Happy November. Instead of going to the piano today, I went straight to the coffee. After that I went to the piano. Then I started making pencil marks on my paper. I remember I told you about the big paper that I accidentally ordered from the internet, or at least the part of the internet that traffics in manuscript paper. So this paper is very big. I’m starting to like it. The smaller staves force me to write smaller notes. So, I will write a big piece with small notes. I promised I would find the quote from poet Robert Creeley about the paper he uses. Here is is, from a transcribed conversation with Allen Ginsburg:
“When I first met William Carlos Williams, I remember he took me upstairs to show me where the bathroom was, and as we went by – I think the bedroom – he showed me the desk that had been in his office when he was in active practice; and he showed me his typewriter, which was a large old office machine, and the way it fitted under the desk; and he showed me the prescription pads he used to use. And again, Allen and I were thinking that the qualification of the size of the paper, for example, will often have an effect on what you’re writing, or whether you are using a pencil or a pen.” (From Contexts of Poetry: Interviews 1961-71, edited by Donald Allen.)
This is book is excellent, you can get it from Amazon. This is just an introduction of the idea. Creeley goes on to talk about minute details, like the sponginess of his favorite brand of typing paper, among other things. So, I’ve made a partial list of the contents of my studio at this minute:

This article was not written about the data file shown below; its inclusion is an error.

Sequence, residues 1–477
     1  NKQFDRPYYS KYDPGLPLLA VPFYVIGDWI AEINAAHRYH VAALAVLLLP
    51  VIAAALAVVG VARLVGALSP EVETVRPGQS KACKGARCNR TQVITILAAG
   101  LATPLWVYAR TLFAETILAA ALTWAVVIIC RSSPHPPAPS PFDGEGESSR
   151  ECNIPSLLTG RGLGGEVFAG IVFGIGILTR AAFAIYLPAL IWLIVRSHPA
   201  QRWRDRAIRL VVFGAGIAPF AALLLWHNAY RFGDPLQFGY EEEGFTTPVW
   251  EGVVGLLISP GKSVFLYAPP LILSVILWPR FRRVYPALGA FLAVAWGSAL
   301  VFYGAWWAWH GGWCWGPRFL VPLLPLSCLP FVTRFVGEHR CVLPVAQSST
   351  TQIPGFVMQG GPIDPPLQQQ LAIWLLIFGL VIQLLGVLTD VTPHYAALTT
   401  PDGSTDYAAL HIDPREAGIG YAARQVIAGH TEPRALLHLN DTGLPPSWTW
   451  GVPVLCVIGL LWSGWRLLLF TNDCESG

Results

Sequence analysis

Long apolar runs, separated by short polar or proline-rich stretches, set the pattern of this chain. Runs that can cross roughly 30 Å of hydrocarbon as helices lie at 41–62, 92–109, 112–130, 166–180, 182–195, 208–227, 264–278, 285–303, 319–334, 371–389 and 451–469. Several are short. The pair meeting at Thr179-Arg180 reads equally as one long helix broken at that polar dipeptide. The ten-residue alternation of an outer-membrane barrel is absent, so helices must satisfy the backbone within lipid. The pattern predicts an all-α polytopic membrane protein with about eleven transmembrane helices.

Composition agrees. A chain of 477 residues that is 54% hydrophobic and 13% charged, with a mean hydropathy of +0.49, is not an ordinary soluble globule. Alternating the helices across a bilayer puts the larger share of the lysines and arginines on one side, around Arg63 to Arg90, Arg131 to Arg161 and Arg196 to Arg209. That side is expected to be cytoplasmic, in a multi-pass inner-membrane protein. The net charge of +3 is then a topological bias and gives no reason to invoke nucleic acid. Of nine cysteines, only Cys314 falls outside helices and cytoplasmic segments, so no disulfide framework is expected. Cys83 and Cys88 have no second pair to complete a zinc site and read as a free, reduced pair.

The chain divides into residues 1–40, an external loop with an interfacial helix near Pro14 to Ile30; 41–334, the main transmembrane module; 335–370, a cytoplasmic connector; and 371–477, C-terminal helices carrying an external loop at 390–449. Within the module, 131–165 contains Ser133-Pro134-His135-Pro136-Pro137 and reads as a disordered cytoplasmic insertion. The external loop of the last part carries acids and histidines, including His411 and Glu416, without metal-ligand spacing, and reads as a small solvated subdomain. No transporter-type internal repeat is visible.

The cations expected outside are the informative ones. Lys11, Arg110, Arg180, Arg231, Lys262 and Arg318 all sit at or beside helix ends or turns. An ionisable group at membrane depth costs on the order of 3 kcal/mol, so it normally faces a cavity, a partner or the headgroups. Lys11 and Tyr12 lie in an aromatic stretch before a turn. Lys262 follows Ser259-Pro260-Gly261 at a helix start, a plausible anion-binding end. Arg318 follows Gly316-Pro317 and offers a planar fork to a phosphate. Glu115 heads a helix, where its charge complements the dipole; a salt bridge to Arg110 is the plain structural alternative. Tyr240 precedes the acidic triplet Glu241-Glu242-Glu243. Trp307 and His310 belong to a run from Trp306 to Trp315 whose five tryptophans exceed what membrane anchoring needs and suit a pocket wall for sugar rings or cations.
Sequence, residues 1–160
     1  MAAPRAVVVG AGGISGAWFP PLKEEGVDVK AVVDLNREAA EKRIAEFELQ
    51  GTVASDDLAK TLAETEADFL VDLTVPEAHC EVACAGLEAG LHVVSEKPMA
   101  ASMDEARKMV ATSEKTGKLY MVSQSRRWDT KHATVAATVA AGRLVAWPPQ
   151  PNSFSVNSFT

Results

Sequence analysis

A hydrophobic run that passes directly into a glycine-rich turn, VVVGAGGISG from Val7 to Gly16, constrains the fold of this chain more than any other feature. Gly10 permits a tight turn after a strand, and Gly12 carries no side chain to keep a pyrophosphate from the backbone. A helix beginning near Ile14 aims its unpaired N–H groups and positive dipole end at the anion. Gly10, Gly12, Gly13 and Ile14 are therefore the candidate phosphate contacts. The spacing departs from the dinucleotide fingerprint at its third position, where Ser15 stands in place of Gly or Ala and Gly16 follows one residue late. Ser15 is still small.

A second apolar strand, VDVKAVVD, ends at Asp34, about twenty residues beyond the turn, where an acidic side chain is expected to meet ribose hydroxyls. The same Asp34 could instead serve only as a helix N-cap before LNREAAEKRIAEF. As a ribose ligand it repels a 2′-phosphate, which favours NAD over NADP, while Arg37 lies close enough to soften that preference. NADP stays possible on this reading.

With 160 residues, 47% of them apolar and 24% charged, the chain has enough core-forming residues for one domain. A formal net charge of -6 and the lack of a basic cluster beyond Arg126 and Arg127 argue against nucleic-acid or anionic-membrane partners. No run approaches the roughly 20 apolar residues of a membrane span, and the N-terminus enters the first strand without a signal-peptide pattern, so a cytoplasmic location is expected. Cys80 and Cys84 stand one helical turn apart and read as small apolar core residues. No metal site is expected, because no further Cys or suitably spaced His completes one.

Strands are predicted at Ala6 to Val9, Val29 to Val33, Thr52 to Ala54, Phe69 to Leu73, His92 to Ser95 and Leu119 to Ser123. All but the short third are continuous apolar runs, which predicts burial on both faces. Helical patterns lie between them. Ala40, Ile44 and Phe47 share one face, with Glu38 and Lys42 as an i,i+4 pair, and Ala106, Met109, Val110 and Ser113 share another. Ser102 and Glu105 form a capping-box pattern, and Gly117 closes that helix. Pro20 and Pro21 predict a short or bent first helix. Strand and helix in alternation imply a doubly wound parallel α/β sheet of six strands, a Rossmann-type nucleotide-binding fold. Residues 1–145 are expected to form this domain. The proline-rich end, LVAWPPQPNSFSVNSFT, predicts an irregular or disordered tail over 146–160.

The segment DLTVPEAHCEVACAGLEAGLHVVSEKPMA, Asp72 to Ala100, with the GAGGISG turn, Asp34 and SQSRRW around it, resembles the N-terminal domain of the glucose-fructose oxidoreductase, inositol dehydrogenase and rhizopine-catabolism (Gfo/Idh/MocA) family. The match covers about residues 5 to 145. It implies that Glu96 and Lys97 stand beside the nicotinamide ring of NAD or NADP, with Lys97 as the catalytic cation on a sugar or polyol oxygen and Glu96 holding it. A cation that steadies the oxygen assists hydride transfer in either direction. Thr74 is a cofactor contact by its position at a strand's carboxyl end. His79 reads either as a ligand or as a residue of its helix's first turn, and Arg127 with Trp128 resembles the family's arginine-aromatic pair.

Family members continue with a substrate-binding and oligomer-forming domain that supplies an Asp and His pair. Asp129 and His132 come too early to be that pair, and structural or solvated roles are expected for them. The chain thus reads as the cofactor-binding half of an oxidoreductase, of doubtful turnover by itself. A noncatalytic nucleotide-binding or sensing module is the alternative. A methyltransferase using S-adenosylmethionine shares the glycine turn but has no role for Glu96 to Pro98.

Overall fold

- digital piano
- pencil, paper, eraser
- unsold cds. (Incidentally, these are available here. Ha!)
- cat, cat hair
- books: get-rich-quick-through-music books, lots of them.
Et cetera. I think that this particular conversation was the beginning of my interest in what people actually do and how they solve all the inherent issues of practicing their craft: how do you start? how do you finish? how do you keep going? There is no end to where this line questions can go, which is why it’s so interesting. Less interesting, to me anyway, are questions about the deeper meaning of art. These questions are very subjective, lead either to very esoteric or very personal answers that are therefore meaningless to most people, even though they can make for fun reading. Most importantly, we do what we do because its fun. Making money doing it is secondary judging from the bank accounts of most artists. (Here’s my platform: I wish more people could do things purely because they like to do them, and I’m against things that chain people up so they can’t. Detrick for president.)
That last part was beside the point. Anyway, the process itself is fun, mostly because its unpredictable and therefore takes effort to bring it to completion, and all the little stopping-offs for late night coffee on the highway of the creative process are what’s interesting to me, and what I will attempt to document here. To that end: I continued what I feel will become the first piece of the suite, I had a brief idea for the next piece, but it didn’t really stand up to further pounding on the piano, meaning that when I started to improvise with what I thought I heard, it didn’t sound quite as interesting as I thought. But, I did write 2 treble clefs and 2 bass clefs on the page, so that’s something. The score board:
Detrick: 1 (A for effort! Several noises were documented on my large score paper, so this is a success.)
This blog will be silent for about 1.5 weeks while I’m away from my computer. I know you’ll be fine without me.